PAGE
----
In my book, The Review Cycle: The four-step model to mastering your online reviews©, I share how negative employee reviews can actually increase the number of applications you get for job postings. That’s because having some negative reviews actually brings an increased measure of authenticity to your positive reviews.
So what’s a better strategy for strengthening your ratings on Glassdoor, Indeed, Comparably and InHerSight? 

Follow the four steps of The Review Cycle©:

1. Ask for reviews: Yes, you can directly ask employees for reviews. In fact, each employee can share one review per year on each of the four platforms. Collecting more reviews is directly tied to increasing ratings. That’s because when you don’t ask for reviews, the negative perspective is typically overrepresented. Read pg. 79-83 in The Review Cycle© for more research on this principle.
2. Respond to reviews: Strategic replies to reviews can increase the number of people that apply for your jobs. You’re showcasing the level of care and attention others could expect if they have a problem. This directly increases trust and influence.
3. Harvest insights from reviews:
As you learn from your reviews, either from reading them or using Mobrium to help summarize trends, you identify the top positive and negative themes. Those positive themes are things you should protect in your employee experience. The negatives are areas of opportunity, which can improve your ratings as they are addressed.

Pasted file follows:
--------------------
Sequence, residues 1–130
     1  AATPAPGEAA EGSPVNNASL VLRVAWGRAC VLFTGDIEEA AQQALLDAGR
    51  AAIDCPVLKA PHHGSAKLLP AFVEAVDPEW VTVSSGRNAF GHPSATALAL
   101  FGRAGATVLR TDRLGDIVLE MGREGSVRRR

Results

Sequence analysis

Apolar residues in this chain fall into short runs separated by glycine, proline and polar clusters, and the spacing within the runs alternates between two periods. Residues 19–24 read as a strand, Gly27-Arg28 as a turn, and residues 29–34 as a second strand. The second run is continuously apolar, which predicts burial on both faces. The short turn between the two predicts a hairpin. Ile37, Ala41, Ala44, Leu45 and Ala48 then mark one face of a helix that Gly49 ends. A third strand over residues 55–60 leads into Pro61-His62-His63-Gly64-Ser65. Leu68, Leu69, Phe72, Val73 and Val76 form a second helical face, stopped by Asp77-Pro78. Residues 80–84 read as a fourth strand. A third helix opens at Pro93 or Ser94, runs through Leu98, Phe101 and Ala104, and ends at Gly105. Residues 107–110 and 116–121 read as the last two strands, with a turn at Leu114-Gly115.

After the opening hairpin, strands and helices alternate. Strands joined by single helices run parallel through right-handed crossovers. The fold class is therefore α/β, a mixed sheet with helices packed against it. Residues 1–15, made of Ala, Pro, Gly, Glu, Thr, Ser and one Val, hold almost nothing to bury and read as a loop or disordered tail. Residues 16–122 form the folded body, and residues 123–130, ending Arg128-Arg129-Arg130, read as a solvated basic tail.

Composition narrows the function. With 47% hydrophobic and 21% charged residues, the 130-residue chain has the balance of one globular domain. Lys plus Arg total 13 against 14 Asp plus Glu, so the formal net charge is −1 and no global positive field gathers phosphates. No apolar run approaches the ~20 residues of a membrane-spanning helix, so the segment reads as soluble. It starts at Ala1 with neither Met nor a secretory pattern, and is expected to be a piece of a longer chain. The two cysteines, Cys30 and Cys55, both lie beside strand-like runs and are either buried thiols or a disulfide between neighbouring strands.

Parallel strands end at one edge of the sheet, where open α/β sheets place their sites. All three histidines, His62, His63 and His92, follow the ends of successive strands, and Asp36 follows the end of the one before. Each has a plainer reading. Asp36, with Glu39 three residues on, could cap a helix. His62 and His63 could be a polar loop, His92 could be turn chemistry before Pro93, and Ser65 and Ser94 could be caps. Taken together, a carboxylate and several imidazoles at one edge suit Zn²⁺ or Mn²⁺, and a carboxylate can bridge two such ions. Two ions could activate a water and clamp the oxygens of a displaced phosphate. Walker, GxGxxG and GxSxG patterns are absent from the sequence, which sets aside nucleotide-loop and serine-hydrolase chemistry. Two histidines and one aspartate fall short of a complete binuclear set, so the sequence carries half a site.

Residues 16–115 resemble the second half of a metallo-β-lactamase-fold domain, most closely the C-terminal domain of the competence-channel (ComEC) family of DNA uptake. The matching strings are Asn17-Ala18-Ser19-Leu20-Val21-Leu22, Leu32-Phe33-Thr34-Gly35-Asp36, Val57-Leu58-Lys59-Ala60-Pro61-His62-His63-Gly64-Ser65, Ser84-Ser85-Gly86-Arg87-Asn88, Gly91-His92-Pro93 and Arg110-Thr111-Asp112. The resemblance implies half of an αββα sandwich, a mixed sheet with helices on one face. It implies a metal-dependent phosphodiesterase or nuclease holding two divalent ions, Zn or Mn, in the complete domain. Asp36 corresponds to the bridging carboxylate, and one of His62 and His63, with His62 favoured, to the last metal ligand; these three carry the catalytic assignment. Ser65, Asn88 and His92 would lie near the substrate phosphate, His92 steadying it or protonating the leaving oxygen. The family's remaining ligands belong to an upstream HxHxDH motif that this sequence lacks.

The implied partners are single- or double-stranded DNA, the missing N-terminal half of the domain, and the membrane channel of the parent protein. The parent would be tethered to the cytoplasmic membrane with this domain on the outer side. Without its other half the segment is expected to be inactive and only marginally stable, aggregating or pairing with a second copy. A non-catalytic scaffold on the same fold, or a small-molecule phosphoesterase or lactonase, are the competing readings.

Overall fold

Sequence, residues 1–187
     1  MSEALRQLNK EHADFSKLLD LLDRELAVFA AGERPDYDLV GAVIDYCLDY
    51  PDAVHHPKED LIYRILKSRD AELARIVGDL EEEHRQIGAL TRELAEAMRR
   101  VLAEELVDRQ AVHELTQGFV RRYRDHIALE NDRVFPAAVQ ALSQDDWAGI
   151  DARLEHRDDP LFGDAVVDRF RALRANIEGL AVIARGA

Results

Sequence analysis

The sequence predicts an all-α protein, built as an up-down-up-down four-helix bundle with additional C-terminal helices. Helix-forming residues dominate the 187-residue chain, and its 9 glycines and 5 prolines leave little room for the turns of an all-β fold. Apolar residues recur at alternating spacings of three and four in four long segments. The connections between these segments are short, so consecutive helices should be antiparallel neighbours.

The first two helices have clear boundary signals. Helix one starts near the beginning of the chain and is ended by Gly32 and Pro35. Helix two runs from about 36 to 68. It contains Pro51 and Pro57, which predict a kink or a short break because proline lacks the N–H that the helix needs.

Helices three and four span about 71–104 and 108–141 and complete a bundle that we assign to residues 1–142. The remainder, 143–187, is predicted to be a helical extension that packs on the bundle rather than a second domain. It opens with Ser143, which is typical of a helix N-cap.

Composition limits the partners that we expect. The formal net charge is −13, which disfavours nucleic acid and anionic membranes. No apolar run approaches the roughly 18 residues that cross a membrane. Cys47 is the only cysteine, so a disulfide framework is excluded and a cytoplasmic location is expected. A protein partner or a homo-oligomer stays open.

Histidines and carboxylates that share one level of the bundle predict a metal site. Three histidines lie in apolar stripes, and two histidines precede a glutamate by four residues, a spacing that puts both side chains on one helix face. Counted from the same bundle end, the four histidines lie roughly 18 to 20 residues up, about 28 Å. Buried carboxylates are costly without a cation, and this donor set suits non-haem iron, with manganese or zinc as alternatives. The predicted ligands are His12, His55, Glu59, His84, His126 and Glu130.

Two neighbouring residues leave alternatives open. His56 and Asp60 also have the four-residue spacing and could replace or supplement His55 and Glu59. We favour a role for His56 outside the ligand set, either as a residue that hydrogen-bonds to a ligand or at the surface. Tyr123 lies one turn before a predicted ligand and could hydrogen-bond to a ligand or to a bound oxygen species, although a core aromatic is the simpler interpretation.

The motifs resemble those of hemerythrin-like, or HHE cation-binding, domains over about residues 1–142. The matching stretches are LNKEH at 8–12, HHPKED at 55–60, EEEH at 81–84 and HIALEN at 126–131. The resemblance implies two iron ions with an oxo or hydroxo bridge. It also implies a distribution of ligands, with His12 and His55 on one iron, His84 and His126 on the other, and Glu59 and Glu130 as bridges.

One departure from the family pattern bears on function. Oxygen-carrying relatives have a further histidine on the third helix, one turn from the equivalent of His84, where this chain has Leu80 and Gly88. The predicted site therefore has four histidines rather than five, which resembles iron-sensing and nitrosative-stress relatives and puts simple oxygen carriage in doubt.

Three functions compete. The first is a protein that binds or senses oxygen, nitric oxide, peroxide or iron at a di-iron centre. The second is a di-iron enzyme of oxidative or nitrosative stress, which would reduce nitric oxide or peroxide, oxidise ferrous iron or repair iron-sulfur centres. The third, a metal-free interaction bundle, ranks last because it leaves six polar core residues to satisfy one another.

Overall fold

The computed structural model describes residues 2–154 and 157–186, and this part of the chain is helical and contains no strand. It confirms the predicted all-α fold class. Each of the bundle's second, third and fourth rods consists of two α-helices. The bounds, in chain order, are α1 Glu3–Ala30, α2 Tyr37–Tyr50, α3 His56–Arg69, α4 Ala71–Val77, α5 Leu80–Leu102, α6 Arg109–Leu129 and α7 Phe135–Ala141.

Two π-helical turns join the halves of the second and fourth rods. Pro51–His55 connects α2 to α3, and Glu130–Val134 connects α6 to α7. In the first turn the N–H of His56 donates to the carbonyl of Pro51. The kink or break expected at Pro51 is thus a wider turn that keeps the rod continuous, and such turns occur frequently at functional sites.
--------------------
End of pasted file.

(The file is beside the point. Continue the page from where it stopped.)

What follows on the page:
4. Market with reviews: Find positive reviews that reflect your top positive themes. Using those reviews in a job post, on your career page or in other employer branding material is far more influential than you saying it’s a great place to work. You will start attracting people to work for your company for the right reasons. New hires will be more aligned with the experience they will actually have, making them more likely to be engaged, productive and leave better ratings online.

Want help addressing a difficult negative employee review?

Mobrium is here to help you- the right way. Our proprietary software is inspired by The Review Cycle©, helping HR pros and brand managers:

⭐️ Automate employee review requests across top employer sites
✍️ Simplify monitoring of employee reviews from a single platform
🔎 Discover trends in employee reviews
⚡️ Supercharge employer branding

Do you have a particularly difficult negative review you’d like help with?
Schedule a call and we’ll take a look at it for free

Are you interested in learning the best practices of requesting employee reviews?
Schedule a call and we’ll show you our FTC compliant approach.

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// Formly Script